Eyeball to eyeball, the gopher tortoise sports an all-knowing look of certainty that might come from living in its Coastal Plains habitat for thousands of years. Try to photograph it and the bulky tortoise moves quickly for an animal reputed to be less than a natural-born speed demon.

Sturdy and tough, the tortoise and its burrows sit at the heart of a rehabilitation project in the Southeastern U.S. Those lengthy burrows, built by the tortoise in a sandy region once home to a large longleaf pine forest stretching along the Coastal Plain from Virginia to Texas, are essential to more than 350 other species. Remove the tortoise and some of those others, at least, will disappear.

To try to reestablish gopher tortoise habitat in Georgia, conservation groups and government agencies have teamed together in a five-year $150 million public/private effort. The Gopher Tortoise Conservation Initiative aims to protect 100,000 acres and 65 viable populations of 250 tortoise adults each. If successful, that should keep the gopher tortoise from being placed on the threatened or endangered species list, with government regulations that would limit what landowners could do on property.

“Nobody wants that to happen. That’s why there’s a big push to preserve the gopher tortoise habitat,” says Reese Thompson, a tree farmer and landowner at Vidalia, Georgia.

Heidi Hall and Chris Jenkins, officers with the Orianne Society, hold a gopher tortoise about 25 years old.

Active in the state’s tortoise conservation effort from its beginnings, Thompson has a regular longleaf pine planting program, and put in 200 acres of it in 2017. “Longleaf pine timber and groundcover are the priceless treasures that most people don’t realize,” he says.

“When longleaf pines are established, you get natural groundcover with the sensitive species, both animal and plant, that live there. We’ve been rapidly losing the natural groundcover so what is out there without it is just a green desert. Species like the gopher tortoise can’t live in that. As a landowner, it is an uphill battle to re-establish that landscape. The landowner has to be committed to it.”

Dwindling pines. Historically the dominant tree in the Coastal Plains of the Southeast, longleaf pine decreased to a small percentage of its range. One reason: we dutifully extinguish forest fires before they get too large.

“Historically, large fires would burn all over southeast Georgia every year. Now we don’t have wildfires at the scale they did years ago. That means things like wiregrass, which is an essential plant species, can’t produce seed. To conserve all these increasingly rare species, you need to implement prescribed fire,” says Chris Jenkins, chief executive officer of the Orianne Society, which is dedicated to helping troubled reptiles and amphibians.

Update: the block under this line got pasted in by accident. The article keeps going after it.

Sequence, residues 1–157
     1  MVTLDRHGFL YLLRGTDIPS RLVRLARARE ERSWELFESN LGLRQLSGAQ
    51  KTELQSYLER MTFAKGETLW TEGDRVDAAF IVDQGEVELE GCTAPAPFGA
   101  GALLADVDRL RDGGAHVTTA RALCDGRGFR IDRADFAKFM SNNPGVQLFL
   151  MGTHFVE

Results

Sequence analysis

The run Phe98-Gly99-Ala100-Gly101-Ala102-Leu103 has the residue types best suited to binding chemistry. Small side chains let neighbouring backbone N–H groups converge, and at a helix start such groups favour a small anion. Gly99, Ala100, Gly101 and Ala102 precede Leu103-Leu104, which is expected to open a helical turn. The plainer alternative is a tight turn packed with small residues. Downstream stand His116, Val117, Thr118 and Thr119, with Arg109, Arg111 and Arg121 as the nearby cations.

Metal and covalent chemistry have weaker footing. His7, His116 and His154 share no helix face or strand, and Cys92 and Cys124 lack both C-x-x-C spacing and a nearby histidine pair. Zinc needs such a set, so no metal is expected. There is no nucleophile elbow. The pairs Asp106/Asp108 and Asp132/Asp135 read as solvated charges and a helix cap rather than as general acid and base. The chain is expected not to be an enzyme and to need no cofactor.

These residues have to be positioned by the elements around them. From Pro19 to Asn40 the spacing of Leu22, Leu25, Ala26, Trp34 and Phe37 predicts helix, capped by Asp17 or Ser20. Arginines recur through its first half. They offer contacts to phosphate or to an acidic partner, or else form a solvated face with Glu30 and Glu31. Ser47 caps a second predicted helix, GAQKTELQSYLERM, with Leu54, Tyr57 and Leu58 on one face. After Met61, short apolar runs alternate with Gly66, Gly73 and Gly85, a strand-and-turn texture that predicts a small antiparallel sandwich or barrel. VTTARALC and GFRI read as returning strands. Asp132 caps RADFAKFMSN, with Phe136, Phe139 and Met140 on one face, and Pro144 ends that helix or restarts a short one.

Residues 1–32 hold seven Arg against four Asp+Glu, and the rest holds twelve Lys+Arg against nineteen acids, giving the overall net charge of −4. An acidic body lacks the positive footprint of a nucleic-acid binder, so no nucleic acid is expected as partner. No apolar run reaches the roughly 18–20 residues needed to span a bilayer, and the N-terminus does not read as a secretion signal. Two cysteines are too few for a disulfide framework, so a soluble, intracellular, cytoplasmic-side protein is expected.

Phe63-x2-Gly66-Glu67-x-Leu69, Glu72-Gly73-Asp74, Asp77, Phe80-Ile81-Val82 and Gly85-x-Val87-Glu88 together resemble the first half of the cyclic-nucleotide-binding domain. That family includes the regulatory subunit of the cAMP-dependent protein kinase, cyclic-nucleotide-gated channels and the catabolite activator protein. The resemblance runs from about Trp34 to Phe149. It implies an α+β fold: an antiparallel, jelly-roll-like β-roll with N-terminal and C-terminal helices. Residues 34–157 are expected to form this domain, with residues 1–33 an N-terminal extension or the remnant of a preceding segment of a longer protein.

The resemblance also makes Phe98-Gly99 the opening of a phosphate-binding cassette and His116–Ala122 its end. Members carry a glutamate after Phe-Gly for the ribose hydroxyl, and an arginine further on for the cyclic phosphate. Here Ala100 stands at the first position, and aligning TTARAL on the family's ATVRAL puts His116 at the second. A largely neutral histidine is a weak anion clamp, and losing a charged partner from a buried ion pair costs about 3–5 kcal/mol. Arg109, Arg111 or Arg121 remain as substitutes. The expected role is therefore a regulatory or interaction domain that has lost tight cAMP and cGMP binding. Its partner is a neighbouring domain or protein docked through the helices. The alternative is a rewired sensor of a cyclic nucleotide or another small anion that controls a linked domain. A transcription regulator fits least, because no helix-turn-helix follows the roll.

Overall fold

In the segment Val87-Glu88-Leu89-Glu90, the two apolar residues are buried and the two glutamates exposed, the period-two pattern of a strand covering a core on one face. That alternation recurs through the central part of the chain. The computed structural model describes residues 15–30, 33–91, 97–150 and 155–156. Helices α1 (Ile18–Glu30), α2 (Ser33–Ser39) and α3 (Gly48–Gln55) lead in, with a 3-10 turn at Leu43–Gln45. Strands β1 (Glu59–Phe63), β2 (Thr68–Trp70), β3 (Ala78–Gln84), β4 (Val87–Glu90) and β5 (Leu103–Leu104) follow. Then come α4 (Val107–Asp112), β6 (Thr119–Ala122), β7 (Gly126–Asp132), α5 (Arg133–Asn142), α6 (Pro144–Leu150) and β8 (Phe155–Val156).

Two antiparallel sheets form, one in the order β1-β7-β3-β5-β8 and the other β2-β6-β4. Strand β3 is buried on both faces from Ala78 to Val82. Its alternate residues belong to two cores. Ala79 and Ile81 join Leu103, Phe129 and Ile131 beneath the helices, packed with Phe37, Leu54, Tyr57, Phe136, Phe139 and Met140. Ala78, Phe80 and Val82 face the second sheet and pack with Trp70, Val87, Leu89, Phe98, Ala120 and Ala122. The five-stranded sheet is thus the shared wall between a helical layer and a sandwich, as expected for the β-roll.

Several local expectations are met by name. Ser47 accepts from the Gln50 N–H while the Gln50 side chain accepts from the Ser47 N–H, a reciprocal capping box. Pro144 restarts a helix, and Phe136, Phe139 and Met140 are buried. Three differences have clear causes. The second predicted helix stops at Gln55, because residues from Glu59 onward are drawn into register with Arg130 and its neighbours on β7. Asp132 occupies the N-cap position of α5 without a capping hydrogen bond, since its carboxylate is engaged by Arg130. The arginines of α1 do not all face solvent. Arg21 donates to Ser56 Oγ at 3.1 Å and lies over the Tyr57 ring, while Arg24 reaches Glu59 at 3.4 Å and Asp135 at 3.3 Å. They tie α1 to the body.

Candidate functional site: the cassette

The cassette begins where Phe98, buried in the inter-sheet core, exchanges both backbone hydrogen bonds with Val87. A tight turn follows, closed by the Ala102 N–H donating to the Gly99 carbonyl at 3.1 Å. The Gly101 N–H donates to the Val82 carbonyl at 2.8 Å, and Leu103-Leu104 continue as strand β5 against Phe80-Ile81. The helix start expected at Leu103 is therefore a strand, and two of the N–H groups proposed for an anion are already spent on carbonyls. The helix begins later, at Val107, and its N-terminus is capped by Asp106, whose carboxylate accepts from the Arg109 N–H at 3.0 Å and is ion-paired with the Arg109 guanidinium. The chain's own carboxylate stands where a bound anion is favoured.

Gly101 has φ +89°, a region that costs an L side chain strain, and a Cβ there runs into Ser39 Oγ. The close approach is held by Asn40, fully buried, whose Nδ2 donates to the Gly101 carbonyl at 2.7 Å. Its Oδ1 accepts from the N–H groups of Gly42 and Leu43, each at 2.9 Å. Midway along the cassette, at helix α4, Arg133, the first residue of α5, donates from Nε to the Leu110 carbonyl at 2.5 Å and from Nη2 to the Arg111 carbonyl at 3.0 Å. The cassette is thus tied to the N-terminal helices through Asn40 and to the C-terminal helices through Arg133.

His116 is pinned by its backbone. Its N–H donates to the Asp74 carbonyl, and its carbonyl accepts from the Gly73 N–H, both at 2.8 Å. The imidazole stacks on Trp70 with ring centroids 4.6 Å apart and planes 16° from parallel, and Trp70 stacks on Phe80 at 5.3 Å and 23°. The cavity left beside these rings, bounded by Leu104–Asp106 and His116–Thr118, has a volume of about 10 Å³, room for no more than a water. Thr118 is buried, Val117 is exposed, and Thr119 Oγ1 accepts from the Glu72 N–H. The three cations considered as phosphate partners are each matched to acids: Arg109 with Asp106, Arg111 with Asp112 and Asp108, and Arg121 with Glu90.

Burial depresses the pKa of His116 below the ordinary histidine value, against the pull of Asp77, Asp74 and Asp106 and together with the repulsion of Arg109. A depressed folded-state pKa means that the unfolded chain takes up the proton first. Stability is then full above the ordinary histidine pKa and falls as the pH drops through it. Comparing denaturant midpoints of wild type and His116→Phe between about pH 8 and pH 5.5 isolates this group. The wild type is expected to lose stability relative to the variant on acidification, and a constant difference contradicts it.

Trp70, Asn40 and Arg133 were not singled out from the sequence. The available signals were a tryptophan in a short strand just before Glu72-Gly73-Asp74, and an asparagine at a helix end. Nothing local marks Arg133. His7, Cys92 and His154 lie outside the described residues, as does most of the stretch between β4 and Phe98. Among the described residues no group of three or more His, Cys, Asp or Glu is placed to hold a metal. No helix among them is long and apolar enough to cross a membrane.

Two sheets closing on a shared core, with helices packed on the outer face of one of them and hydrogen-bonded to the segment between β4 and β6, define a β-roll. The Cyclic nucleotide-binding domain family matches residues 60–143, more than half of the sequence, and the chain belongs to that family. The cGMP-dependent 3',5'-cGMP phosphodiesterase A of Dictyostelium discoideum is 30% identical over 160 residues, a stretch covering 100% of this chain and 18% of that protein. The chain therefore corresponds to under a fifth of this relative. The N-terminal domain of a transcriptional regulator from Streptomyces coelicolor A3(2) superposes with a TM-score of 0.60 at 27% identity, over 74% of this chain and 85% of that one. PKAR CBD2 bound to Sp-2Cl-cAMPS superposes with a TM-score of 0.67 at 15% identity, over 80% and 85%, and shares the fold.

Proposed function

Heavily involved in the gopher tortoise program through its Longleaf Savannahs Initiative, Orianne owns a Georgia preserve where controlled burns are part of the annual management system, and keeps its own professional fire crew on hand.

“The longleaf pine, the wiregrass and fire, it’s all interconnected. The tortoise wants open ground for food. It thrives in an open system. Creating its burrows attracts other species. It’s one of the best examples of a keystone species. It’s the keystone to the longleaf pine ecosystem. Over 350 other animals use its burrows,” Jenkins says.

With partners ranging from the Orianne Society to the Nature Conservancy, Conservation Fund, and the Bobolink Society, among others, to agencies ranging from the U.S. Fish and Wildlife Service and Georgia Chamber of Commerce to the U.S. Department of Defense, the tortoise initiative is more than a bit unusual.

“I’ve worked in the conservation field 20 years and this is the first time I’ve dealt with groups that proactive in avoiding a problem,” says Steve Friedman, chief of real estate for the Georgia Department of Natural Resources.

Heidi Hall with an Eastern Indigo snake, which depends on the tortoise for survival.

Developing habitat. Much of the program so far uses state-owned land. Georgia bought some privately owned land, for wildlife management areas available for recreation, where tortoise habitat can be developed.

“Right now, we consider 47 gopher tortoise populations with at least 250 adults to be protected, so we’re well on the way to the goal of 65 viable populations protected,” Friedman says.

“We’ve seen a lot of progress in a relatively short time. We have 43,000 acres protected with a combination of state, federal, and private foundation money. That’s good success.”

The gopher tortoise is already considered threatened in western Alabama, Mississippi, and eastern Louisiana. In addition, the Eastern Indigo snake, which uses the tortoise burrows in wintertime, is already considered threatened. That gives backers an incentive to push quickly.

“Getting all these different groups together for one goal is pretty remarkable,” Thompson says. “Here on our land, we are blessed with a lot of gopher tortoises. We do it with controlled burning. I’m at peace with my gopher tortoises and indigo snakes.” 

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